The marketing of Bitcoin would instantly see 2X growth.  Bitcoin going to $13,000.00 would happen immediately.  Visa and Mastercard would take a big hit as their fee-based transactions gave way in favor of feeless Bitcoin payments.  Businesses which work on tiny margins, such as the grocery business, would rush to become Amazon vendors.

There are laws on the books which prevent merchants from displaying two-tiered pricing.  Nowhere in the United States will you see merchandise displayed with two-tiered pricing: one price for cash purchases and another for purchases with credit cards except, of course, at the gas pump.  There are Merchant/credit card/bank agreements which prohibit that.  It’s a matter of semantics.  Purchases must not have a credit card surcharge.  However, it’s ok to have a cash discount, if that law is understood correctly.

3-tier pricingImagine three-tiered pricing: Bitcoin, cash, or credit.  Bitcoin would be cheapest.  Ask any merchant if they’d rather have their employees handling Bitcoin transactions or taking cash for 2% more.  Bitcoin means instant payments, no fraud, no theft, no loss, no credit card/debit card processing, no bank fees and no delays.

There is much to be done before we get from here to there, but we’d best begin.  Don’t get me wrong.  I love when my investments jump 15% overnight.  But I’d rest a whole lot better knowing Bitcoin’s price was based on its being used to facilitate trade and add trust, than as a speculative bubble.

 

171022 Hidden Bitcoin Opportunities for Banks

Banks are missing the huge opportunity Bitcoin and cryptocurrencies afford them.  Take a look at the following chart published in Cointelegraph:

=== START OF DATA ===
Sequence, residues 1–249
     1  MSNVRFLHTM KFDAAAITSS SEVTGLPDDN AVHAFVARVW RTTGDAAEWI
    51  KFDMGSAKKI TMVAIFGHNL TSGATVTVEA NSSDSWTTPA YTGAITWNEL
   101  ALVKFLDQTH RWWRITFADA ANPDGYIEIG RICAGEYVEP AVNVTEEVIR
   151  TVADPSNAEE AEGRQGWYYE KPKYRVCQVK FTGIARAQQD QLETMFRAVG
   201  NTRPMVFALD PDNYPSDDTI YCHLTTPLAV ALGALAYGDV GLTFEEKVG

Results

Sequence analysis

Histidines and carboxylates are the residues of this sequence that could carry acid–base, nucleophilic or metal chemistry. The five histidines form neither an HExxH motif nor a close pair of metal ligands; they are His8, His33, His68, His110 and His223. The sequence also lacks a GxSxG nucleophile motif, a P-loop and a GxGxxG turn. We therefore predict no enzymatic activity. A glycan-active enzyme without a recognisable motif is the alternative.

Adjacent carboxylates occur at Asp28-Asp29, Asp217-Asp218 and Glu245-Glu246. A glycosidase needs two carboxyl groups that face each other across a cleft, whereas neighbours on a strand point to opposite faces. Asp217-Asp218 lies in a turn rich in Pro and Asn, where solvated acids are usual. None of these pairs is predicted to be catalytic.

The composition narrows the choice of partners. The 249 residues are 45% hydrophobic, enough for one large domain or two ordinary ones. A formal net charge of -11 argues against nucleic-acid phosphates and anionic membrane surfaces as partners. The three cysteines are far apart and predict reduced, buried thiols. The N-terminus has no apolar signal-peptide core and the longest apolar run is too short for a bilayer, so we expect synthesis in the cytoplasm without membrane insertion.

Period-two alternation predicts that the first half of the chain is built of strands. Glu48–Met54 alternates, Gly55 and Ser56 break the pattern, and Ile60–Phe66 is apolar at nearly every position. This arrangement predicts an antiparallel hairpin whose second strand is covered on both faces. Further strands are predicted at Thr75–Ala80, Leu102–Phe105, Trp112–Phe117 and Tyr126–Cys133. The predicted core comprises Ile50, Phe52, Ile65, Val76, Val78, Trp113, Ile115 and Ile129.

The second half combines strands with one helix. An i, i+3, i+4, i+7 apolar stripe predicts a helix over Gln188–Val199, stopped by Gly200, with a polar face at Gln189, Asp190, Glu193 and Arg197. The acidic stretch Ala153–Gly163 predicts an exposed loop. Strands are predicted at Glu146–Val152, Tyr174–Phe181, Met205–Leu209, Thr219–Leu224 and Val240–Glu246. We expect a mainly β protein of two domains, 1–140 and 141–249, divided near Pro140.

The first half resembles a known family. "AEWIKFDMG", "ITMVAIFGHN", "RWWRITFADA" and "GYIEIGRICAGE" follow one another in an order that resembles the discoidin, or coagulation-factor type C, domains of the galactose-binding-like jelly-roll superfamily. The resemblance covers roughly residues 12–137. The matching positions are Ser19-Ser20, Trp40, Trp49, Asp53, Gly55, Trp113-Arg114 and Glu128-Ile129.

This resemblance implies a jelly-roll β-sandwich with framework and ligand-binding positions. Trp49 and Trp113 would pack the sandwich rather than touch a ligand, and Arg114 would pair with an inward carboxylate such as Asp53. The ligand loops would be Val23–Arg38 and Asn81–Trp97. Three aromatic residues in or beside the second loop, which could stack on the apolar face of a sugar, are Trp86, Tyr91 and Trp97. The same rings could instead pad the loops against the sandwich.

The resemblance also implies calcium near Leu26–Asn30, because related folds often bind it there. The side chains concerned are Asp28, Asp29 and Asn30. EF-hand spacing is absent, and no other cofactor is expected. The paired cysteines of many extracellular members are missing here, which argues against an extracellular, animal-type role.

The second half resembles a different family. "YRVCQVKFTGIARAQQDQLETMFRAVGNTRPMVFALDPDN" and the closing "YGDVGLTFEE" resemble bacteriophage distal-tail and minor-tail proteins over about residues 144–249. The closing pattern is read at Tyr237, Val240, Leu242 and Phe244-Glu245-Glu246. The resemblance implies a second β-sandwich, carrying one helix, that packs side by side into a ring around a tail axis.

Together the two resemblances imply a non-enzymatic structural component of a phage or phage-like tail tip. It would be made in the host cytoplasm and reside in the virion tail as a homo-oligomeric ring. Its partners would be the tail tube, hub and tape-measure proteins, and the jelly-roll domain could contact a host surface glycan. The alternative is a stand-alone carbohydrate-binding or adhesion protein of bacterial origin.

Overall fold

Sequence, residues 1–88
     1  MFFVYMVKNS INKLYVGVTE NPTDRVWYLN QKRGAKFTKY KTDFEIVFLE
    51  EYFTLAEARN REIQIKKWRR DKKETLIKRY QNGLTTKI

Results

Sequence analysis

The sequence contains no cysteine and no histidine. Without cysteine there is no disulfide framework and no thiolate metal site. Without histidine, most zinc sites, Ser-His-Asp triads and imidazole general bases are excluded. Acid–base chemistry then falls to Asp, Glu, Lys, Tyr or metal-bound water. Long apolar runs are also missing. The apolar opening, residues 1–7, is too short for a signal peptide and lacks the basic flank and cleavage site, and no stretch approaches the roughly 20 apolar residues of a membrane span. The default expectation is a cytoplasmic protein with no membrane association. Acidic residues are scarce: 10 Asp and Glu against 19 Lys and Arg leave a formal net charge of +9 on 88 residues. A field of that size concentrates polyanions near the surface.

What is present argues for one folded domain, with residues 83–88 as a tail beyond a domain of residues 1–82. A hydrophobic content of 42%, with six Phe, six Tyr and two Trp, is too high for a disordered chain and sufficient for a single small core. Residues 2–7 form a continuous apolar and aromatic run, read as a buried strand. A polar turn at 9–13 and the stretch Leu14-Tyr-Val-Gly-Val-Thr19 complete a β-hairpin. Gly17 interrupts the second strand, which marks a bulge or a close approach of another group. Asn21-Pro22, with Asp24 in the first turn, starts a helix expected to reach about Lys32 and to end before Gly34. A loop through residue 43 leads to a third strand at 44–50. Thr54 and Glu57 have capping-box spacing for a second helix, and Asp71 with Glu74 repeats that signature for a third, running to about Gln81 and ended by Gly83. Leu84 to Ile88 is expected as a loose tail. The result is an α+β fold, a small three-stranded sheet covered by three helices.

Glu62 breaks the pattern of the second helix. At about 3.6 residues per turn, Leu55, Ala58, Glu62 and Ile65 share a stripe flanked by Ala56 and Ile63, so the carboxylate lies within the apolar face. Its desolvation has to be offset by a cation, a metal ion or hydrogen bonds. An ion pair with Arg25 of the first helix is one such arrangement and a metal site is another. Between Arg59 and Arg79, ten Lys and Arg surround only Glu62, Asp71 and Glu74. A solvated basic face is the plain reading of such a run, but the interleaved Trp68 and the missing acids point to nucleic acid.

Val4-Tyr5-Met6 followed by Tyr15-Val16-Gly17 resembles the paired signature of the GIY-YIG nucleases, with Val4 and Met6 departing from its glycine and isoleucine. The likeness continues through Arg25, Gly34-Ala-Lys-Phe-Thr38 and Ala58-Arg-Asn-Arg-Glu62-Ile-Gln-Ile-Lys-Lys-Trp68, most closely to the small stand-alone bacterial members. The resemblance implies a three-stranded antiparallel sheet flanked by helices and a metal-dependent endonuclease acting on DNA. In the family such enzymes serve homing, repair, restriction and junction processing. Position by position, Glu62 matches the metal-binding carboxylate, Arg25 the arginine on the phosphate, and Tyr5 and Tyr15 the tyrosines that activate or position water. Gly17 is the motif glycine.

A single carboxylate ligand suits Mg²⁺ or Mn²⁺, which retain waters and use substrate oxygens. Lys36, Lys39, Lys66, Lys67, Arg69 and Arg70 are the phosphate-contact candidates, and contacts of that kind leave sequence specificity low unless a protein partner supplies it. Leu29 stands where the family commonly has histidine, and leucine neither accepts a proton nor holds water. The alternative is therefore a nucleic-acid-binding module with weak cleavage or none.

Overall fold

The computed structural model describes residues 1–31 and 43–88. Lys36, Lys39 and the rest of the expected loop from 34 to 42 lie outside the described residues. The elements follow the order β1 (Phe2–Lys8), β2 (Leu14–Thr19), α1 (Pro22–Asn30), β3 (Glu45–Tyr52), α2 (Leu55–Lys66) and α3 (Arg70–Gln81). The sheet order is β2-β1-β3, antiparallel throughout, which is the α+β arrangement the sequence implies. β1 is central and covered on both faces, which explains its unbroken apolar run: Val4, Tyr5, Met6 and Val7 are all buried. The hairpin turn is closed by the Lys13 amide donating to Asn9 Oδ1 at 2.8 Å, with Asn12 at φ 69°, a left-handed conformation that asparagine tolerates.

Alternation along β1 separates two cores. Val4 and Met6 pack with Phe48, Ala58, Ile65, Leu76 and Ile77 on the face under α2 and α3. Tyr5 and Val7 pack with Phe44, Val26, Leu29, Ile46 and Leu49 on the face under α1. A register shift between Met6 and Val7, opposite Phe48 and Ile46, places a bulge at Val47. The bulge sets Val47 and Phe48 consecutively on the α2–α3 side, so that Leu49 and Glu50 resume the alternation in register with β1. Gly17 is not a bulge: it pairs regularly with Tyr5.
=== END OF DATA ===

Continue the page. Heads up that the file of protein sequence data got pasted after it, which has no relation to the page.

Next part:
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The most preferred payment method is debit card, followed by cash, followed by credit card.  Digital payments are fourth.  Checks are fifth.  The chart is NOT about which is the easiest or most secure payment method.  The chart is about PREFERRED payment methods.  Even though digital is the easiest payment method and perhaps the most secure, debit cards, cash, and credit cards still win out.  So what?

This presents a huge opportunity for banks to facilitate cryptocurrency accounts for clients, while enjoying the security, ease-of-use and low overhead cryptocurrencies provide.  People are frightened, a little bewildered and uneasy about cryptocurrencies, yet most are curious, if not downright desirous, to start a cryptocurrency account or investment.  Why not provide them with the assurance they need while benefiting from continuing to be their financial advisors.  Banks are missing out on a huge opportunity.  If the banks continue only to view cryptocurrencies as undermining their business, banks will be left high and dry which the rest of the world cruises on cryptocurrency’s many benefits.

Most people are terrified by the security steps most cryptocurrency exchanges employ today.  Remember, too, most people are still not comfortable making purchases using a credit card online. If a Goldman Sachs or a Wells Fargo were to offer a Bitcoin account for savings and trading, people would jump at the chance to open a cryptocurrency account, while the banks offer them the ability to trade, send and receive cryptocurrency securely.   Instead of trying to hide and make cryptocurrencies go away, banks should be prospering by embracing the inevitable and fostering cryptocurrency’s growth.